13. Warning.
    Off-topic.
    Apologies all round:
    :(

    Mr Plait, please call James Randi now.
    It’s happened again.
    The whole global warming denialism zombie thing has reared it’s ugly head.

    The latest article on the JREF website is a plug for the on-line Reason Magazine.

    This is bad.

    Reason Magazine is a platform of libertarian climate denialism.
    I don’t care about their political views but I do care about the climate denialism part.

    Our friends at Reason magazine have a cruise on the horizon! We would like to invite interested skeptics to join Reason’s all-star cast of investigative journalists, policy wonks, and assorted warriors for freethinking and free markets for a week at sea. It’s Reason’s first-ever seven-day cruise!

    When you click the link at the bottom and go to the Reason magazine website itself, you get this precious piece of wisdom as they advertize the very same cruise….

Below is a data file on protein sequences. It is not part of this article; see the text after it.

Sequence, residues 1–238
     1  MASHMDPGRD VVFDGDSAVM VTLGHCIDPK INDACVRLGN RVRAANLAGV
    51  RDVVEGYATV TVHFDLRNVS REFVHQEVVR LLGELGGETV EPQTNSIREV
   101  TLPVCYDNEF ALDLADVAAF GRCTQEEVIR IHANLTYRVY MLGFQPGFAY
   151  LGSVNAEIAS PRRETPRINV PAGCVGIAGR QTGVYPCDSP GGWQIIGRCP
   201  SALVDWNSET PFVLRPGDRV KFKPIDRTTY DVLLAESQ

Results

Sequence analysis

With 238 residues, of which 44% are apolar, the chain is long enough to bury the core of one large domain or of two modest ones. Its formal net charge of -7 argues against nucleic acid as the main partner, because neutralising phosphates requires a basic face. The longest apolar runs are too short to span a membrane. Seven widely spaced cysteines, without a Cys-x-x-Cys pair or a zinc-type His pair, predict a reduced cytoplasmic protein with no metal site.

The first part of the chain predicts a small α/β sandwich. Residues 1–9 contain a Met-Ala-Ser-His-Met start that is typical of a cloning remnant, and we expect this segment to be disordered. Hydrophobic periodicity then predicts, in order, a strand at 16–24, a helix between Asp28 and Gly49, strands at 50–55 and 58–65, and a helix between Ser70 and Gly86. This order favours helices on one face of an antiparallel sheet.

Of course, there’s more to this cruise than just lazing on decks. You’ll hobnob with some of the most incisive writers and thinkers in America (…) Science Correspondent Ronald Bailey who can explain why the Florida coast we are sailing from will still be there a century from now no matter what global warming activists tell you.

    Yet there’s more…
    Type in “global warming” on their web-site and you get a host of articles poo-pooing global warming in general. Pretty much every single prominent climate denier out there gets a favourable mention at one time or another courtesy of Reason.com.

    These people are science deniers. Their political ideology is skewing whatever critical thinking skills they may or may not have.

    They are no friends of the JREF.

    Please, please, please say something. Bring this to somebody’s attention.
    Please.

  14. Don't Panic

    I’ve impressed my friends before showing them on my Starry Night software which satellite just flew over, its pretty fun, and makes you feel super nerdy.